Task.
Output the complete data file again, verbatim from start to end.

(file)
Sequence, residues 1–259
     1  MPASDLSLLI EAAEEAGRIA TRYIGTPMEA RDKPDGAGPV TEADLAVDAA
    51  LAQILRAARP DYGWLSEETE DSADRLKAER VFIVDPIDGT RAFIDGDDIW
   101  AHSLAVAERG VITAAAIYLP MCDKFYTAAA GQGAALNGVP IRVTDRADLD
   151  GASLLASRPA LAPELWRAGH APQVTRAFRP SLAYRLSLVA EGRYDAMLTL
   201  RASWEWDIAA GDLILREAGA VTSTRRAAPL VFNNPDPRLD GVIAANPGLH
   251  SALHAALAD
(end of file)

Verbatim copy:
Sequence, residues 1–259
     1  MPASDLSLLI EAAEEAGRIA TRYIGTPMEA RDKPDGAGPV TEADLAVDAA
    51  LAQILRAARP DYGWLSEETE DSADRLKAER VFIVDPIDGT RAFIDGDDIW
   101  AHSLAVAERG VITAAAIYLP MCDKFYTAAA GQGAALNGVP IRVTDRADLD
   151  GASLLASRPA LAPELWRAGH APQVTRAFRP SLAYRLSLVA EGRYDAMLTL
   201  RASWEWDIAA GDLILREAGA VTSTRRAAPL VFNNPDPRLD GVIAANPGLH
   251  SALHAALAD